"Jump In!" soundtrack
Walt Disney Records executed a lucrative music-industry strategy in 2006, using a multi-media approach to corner the youth market.
Thanks to programming on its own Disney Channel, the label scored whopping sales with soundtracks for "Hannah Montana," "The Cheetah Girls 2" and, most notably, "High School Musical."
Disney keeps rolling with the soundtrack for "Jump In!" - a made-for-TV movie that premieres Jan. 12 on the Disney Channel and doubtlessly will be repeated often if it has anything like the success of "High School Musical."
Nothing's guaranteed with such a fickle demographic, but Disney stacks the deck, casting "High School Musical's" Corbin Bleu as a promising teen boxer who catches double-dutch jump-rope fever from his neighbor, played by "Akeelah and the Bee's" Keke Palmer.
The urban/pop album is a methodical appeal to the targeted market, but not so formulaic that it fails. In fact, there's enough of an edge to most of these tracks that parents and older siblings won't be put off - at least not initially - if they're exposed to the soundtrack.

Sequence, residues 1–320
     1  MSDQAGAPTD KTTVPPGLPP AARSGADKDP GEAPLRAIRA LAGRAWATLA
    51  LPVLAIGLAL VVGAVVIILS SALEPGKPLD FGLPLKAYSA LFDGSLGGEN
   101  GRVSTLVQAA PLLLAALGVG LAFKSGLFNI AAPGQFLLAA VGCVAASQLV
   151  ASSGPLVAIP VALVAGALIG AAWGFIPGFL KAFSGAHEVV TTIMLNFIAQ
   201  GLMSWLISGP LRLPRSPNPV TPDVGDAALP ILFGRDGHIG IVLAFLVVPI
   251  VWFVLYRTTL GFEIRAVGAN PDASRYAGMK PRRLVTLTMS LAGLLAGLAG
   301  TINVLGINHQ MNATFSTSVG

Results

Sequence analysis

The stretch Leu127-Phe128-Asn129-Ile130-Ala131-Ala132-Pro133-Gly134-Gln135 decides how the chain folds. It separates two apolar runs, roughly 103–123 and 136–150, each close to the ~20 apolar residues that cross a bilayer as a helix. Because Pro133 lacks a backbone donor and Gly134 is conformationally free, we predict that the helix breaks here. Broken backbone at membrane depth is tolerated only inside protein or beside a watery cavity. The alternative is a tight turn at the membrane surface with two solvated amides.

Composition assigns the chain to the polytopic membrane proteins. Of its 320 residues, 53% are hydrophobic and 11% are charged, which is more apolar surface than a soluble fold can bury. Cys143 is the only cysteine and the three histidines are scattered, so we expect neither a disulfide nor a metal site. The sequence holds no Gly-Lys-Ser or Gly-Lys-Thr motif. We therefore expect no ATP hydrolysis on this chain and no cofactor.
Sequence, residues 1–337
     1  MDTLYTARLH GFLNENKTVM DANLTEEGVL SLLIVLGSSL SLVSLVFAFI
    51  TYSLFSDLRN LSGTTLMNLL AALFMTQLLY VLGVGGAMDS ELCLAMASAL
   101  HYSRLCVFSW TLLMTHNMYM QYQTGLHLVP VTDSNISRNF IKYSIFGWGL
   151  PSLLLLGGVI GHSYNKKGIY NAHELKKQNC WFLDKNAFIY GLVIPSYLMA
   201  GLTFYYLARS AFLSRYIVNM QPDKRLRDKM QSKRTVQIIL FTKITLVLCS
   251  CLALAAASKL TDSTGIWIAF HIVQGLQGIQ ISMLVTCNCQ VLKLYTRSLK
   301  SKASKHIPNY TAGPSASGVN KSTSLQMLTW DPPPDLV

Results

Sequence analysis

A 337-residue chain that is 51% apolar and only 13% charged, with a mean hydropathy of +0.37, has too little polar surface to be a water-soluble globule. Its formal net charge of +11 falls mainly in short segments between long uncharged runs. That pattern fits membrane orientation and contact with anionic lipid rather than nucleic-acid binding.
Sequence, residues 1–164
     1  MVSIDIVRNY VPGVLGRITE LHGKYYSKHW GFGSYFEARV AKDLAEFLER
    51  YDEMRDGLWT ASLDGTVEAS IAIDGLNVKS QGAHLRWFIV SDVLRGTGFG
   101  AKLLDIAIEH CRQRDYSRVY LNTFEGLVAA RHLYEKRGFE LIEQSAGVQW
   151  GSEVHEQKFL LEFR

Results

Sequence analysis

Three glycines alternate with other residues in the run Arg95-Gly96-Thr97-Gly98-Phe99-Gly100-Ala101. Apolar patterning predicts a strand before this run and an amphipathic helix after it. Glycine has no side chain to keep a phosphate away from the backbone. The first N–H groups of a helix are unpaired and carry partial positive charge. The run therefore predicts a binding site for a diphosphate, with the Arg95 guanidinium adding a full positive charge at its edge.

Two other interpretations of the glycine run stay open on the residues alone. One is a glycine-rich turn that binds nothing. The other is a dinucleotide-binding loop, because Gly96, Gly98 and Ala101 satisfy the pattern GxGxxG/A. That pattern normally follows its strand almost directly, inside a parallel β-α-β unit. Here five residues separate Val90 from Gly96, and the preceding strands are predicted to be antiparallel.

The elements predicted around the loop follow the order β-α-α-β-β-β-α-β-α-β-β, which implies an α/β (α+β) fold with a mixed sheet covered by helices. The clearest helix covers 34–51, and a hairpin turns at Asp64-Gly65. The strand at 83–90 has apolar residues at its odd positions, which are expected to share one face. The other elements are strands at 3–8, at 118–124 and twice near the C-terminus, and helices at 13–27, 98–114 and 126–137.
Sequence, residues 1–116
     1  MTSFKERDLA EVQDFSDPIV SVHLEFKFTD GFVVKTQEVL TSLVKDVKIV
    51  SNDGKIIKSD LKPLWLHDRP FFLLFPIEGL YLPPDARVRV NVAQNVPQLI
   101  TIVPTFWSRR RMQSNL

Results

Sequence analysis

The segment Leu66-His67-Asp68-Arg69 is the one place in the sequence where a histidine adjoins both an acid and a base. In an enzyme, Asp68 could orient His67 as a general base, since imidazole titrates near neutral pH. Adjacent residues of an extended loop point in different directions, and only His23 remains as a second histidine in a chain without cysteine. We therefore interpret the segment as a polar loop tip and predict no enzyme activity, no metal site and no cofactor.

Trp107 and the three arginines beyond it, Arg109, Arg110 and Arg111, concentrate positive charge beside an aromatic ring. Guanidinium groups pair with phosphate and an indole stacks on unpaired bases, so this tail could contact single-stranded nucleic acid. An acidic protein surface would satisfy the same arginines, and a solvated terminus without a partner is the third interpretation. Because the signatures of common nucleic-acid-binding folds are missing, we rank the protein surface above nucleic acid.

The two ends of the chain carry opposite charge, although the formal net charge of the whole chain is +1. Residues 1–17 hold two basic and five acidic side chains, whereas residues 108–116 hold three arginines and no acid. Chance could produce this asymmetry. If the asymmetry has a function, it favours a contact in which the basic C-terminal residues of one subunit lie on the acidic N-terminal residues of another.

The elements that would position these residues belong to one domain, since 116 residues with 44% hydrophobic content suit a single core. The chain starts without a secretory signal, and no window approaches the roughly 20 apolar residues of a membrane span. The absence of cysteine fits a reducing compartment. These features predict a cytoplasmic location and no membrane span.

Hip-hop meets electronic dance music while choruses brand the refrains with heavy repetition, and happily there's not much namby-pamby filler that inevitably seems to bog down music for this demographic.
Bleu confidently punches his way through "Push It to the Limit," and though she's a somewhat-anonymous singer, Palmer musters serviceable presence for both "Jumpin' " and "It's My Turn Now."
Better tracks find Jordan Pruitt adding flavorful inflections to her delivery on the fidgety "Jump to the Rhythm," Prima J going for a Black-Eyed-Peas style of mixed-bag energy on "Gotta Lotta" and Lil' Josh rapping through an amusing reinterpretation of House of Pain's "Jump Around."
A couple of cliched ballads by Sebastian Mego ("Where Do I Go From Here") and Kyle ("Let It Go") trip up the momentum of the soundtrack, but otherwise there's persistent, inviting energy in the collection, even if it offers nothing of lasting consequence.
When does this guy even have time for music?
Babyshambles frontman Peter Doherty is constantly in the headlines, especially in his native England, for bad-boy-rocker activity that borders on the absurd.